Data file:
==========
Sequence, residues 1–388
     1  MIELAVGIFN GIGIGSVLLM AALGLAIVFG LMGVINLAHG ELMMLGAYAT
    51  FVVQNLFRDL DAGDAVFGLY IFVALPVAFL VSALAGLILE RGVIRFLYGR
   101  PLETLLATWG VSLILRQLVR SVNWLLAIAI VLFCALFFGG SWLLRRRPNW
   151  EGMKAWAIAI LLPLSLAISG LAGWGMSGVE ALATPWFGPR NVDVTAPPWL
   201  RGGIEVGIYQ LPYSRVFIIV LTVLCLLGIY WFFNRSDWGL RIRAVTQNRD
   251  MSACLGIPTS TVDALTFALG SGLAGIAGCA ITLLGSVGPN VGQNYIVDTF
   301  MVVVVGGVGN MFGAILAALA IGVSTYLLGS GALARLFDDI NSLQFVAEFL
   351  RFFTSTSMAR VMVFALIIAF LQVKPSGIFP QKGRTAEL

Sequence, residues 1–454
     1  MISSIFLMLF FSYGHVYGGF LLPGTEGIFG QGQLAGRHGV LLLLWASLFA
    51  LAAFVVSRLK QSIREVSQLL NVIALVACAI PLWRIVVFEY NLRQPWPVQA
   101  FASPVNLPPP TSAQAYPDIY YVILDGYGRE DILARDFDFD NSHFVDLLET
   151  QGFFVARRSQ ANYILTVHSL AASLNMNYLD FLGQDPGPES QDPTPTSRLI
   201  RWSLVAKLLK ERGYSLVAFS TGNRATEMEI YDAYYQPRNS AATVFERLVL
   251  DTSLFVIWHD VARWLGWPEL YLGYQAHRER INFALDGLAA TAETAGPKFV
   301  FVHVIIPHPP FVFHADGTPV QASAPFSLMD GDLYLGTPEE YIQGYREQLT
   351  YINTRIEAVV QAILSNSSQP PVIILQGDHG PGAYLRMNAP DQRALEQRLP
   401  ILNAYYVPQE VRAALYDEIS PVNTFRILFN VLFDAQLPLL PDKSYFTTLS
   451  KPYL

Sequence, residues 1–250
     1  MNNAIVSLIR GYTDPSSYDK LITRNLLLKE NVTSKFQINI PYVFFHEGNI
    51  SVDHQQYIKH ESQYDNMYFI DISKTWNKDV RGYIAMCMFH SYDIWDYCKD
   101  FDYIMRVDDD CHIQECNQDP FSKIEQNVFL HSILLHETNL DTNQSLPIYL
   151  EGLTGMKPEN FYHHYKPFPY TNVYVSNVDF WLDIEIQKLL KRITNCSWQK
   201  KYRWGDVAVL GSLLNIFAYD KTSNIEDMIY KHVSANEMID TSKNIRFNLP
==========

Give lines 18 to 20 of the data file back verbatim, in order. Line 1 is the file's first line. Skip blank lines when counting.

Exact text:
   351  YINTRIEAVV QAILSNSSQP PVIILQGDHG PGAYLRMNAP DQRALEQRLP
   401  ILNAYYVPQE VRAALYDEIS PVNTFRILFN VLFDAQLPLL PDKSYFTTLS
   451  KPYL